It’s two in the morning. I just turned the last page of Kim Bannerman’s book, Bucket of Blood.
I flip through the last few blank pages, hoping for a shred more. Why do those torturous back pages exist?!
I re-read the back cover, avoid looking at the clock, and settle into the bittersweet heartache of having finished a good book.
The story is set in Cumberland in the industrious hustle of the 1890s, and is narrated by Lizzie Saunders, a heroine who has taken a place in my heart next to Anne Shirley, Scarlett O’Hara, and Idgie Threadgoode. A red-headed tomboy in trousers, she leads the way through the back alleys and along the familiar streets of Cumberland, getting into trouble, annoying her older sister, and generally giving convention the finger.
The action ramps up quickly in this historical murder mystery, but Bannerman never slacks on the lush descriptions, and I am carried along by the strange echo of reading a book set in the town I call home, stretching over a hundred years into the past. The rowdy bars on Dunsmuir, the evocatively imagined Chinatown, the mist rolling heavily over the Beaufort Range, the glacial cold of Comox Lake. I can feel the roll of familiar hills and truly inhabit the story.
Gritty characters and gory murder scenes leave me breathless, but so do the underpinnings of forbidden love. The Cumberland that Bannerman brings to life is bustling and vibrant, but flawed, dangerous, and deeply racially segregated. Although the story is a work of fiction, her meticulous research lends authenticity, and true events are worked in throughout the book.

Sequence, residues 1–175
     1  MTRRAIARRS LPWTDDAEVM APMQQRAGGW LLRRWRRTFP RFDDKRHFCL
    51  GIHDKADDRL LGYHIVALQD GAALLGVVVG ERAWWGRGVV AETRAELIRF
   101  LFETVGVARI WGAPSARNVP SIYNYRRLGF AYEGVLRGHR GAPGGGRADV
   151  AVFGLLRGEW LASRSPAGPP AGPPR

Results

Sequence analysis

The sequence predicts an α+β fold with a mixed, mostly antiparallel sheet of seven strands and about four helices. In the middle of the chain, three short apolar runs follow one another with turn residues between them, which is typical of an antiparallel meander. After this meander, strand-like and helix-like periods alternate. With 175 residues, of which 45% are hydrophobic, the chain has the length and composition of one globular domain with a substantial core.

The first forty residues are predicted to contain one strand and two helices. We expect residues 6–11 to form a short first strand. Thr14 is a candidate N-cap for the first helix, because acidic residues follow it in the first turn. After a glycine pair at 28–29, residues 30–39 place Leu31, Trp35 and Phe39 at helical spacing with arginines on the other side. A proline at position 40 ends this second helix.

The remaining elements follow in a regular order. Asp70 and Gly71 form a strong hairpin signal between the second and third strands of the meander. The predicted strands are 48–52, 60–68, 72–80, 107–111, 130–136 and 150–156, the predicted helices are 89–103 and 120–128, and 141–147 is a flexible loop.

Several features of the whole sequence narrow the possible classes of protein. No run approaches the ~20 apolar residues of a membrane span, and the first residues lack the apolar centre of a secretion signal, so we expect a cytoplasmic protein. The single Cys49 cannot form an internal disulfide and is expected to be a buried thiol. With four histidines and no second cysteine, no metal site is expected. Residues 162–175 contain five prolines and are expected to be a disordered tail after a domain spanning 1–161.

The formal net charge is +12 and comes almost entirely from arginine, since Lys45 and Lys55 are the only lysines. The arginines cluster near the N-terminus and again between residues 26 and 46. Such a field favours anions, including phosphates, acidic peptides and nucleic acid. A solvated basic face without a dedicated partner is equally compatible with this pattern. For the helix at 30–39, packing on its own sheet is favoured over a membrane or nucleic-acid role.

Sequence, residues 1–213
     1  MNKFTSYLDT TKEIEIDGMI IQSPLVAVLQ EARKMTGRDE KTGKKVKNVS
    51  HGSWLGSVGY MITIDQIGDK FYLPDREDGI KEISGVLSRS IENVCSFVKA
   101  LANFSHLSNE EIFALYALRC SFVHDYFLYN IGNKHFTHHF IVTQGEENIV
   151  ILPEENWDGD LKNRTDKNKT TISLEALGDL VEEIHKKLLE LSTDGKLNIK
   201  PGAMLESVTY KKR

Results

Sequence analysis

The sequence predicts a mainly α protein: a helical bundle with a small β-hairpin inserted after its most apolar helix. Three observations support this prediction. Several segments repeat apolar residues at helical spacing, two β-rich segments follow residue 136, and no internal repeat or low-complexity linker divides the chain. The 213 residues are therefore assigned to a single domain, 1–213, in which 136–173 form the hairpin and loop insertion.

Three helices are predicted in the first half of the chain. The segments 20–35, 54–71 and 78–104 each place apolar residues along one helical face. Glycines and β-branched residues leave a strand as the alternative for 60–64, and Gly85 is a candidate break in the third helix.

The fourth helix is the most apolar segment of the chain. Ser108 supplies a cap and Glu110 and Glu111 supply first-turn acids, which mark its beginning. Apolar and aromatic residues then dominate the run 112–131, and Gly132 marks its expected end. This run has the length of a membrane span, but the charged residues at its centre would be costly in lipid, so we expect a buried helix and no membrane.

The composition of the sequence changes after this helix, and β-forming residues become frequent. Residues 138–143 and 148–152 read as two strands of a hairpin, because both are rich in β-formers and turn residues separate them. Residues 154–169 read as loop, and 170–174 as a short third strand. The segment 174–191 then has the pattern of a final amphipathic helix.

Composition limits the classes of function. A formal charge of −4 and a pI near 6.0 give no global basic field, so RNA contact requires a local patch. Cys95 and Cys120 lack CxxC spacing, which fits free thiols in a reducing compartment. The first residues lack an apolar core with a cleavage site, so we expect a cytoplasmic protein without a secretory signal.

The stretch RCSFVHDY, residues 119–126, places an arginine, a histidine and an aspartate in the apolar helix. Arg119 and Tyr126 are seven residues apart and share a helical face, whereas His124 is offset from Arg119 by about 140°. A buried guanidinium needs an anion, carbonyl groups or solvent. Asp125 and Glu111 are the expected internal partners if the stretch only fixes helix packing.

I can’t ignore the clock any longer, but in the morning I’ll be on the hunt for the next instalment in the Lizzie Saunders series. I recommend you do the same.
Kim Bannerman lives and writes in the Village of Cumberland. Bucket of Blood is the first book in the Lizzie Saunders series, followed by Mark of the Magpie and The Agony of St Alice. Her other books include The Tattooed Wolf and, most recently, Love and Lovecraft. Copies of her books are available at Laughing Oyster, Cumberland Museum, and ROAM Store + Studio.
Lizzie’s mother is dead, and left in the care of her prim older sister, the 15-year-old fears her carefree ways are over. But when tragedy strikes her small community in the summer of 1898, Lizzie discovers a sinister web of lies and deception, of murders past and present. Fierce resentments and racial tensions boil beneath the illusion of civilization. Soon, Lizzie finds herself ensnared in a secret that stretches from the opium dens of British Columbia and the alleys of San Francisco to the jungles of Panama and beyond—and it’s a secret that the murderer will do anything to protect.